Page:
Hunger Task Force

Ending Hunger is Our Mission

Wisconsin State Budget: Impact On Hunger

2017-19 Wisconsin Budget: Impact on Hunger

The best way to end hunger is with family-sustaining jobs. Taking away access to food does not increase independence, it only increases hunger.

The Governor’s budget dramatically changes the FoodShare (formerly known as food stamp) program, gutting protections for families that truly need help.  At the end of May, Wisconsin’s Joint Committee on Finance approved changes to the Governor’s budget proposal. Those changes are reflected in the “5 things to know…” below.

5 things to know about the Governor’s proposed budget:

1. The budget will increase hunger in Wisconsin.

  • The proposed changes to FoodShare eligibility will impact over 100,000 people in Wisconsin, kicking tens of thousands off of food aid.
  • What Joint Finance Committee did:
    • Low-income parents of children are no longer required to participate in a failed job-training program, meaning fewer people will be cut off of food aid.

2. The budget spends $150 million to expand a broken system..

  • The last budget spent nearly $55 Million and kicked 64,000 people off of FoodShare through the FoodShare Employment and Training Program (FSET). The Governor’s performance benchmarks will have taxpayers paying out-of-state job training companies $8,694 for every job in 2017-18 and nearly $16,000 per job in 2018-19.
  • What Joint Finance Committee did:
    • Reduced the funding for this program by $47.9 million, and took away the “pay-for-performance” bonuses for contractors that incentivized putting people into multiple temp jobs, rather than work with people to train for family-sustaining jobs.
    • Improved accountability: Department of Health Services must produce an “Outcome Report” to the Joint Finance Committee and report any needed program improvements and contract modifications.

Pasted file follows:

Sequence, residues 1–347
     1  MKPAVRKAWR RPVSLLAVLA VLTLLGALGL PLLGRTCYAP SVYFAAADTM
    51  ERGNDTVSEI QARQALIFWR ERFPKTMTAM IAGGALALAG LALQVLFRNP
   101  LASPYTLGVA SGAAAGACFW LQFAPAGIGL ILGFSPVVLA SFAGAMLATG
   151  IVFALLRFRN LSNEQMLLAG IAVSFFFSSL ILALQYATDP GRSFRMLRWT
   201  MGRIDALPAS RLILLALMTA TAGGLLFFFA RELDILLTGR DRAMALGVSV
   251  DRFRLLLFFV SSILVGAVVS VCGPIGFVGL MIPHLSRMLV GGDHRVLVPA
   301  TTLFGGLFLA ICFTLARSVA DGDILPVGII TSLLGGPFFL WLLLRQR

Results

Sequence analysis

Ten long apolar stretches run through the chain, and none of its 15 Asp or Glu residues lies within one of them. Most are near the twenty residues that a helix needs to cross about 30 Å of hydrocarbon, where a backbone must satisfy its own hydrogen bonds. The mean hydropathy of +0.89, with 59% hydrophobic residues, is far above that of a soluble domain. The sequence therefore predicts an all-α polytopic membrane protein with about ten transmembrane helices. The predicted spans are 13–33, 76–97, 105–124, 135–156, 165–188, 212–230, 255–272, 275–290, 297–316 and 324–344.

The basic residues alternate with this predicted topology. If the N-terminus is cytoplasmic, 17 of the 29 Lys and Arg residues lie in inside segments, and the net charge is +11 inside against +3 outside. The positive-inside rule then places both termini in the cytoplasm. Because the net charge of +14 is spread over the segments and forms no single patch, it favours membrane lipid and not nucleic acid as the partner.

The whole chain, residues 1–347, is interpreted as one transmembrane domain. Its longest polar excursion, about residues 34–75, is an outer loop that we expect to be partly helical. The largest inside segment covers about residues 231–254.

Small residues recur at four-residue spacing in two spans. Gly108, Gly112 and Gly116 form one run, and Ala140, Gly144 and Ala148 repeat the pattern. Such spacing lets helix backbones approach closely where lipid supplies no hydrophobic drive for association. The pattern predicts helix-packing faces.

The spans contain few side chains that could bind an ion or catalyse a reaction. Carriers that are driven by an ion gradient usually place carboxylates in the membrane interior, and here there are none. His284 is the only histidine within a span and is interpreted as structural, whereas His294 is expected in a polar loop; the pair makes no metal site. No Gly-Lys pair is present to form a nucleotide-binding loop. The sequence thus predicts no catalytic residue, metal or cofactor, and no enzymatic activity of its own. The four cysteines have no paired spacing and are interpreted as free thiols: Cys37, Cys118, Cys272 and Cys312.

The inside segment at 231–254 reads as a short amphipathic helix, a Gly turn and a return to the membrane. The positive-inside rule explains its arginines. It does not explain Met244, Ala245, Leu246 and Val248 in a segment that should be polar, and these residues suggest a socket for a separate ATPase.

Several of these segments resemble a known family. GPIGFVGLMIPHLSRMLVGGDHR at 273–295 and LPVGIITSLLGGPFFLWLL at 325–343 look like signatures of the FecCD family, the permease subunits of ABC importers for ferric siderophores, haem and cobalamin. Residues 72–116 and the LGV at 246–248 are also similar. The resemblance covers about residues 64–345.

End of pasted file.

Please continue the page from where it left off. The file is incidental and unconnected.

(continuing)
• Parents of children not immediately required to participate: Deleted the provision to make universal referrals for parents to FSET, and the state needs to perform more robust outreach and education of the program and it’s requirements. There will be a pilot project for parents of children to FSET and the outcome of the pilot will guide the decision to expand statewide.

3. “Dead-broke” vs. “dead-beat.” There is a difference.

4. Piles of paperwork = Piles of problems.

5. Childhood hunger will increase.

  • While the changes to FoodShare are intended for adults, kids will be the ones left with an empty plate. When parents lose access to food aid, their children go hungry.
    • When a parent receives a job-training requirement letter in a language he or she can’t understand and loses benefits, the child goes hungry.
    • When a parent misses a child-support payment, is broke, can’t catch up and loses benefits, the child goes hungry.
    • When a parent cannot get the correct bank statements in order to prove they need help and loses benefits, the child goes hungry.

Fixing a Broken System

The best way to end hunger is with family-supporting jobs. FoodShare Employment & Training (FSET) provides an opportunity to help low-income Wisconsinites gain independence. Investing $150 million in quality job-training is a great idea and is a big step toward ending hunger.

However, our current FoodShare Employment & Training (FSET) system is broken. We should fix FSET before we expand it. We should not mandate participation. We should waive FoodShare time limits in areas of high unemployment.

5 Ways to improve the FoodShare Employment & Training program:

  1. FSET contractors should have meaningful benchmarks that incentivize moving people toward careers, not temporary jobs.
  2. FSET should remove real barriers to employment by connecting FoodShare recipients with drivers licenses, vocational certifications, GEDs or high school diplomas.
  3. FSET should individualize employment plans based on skill set, location and need instead of handing out generic print-outs of temporary job openings.
  4. FSET participation should not be a mandate. Mandating work does not create jobs.
  5. FSET funding should be directed toward the Wisconsin technical colleges. Wisconsin technical colleges and the Wisconsin Transitional Jobs Program have proven track-records of creating real paths toward sustainable employment.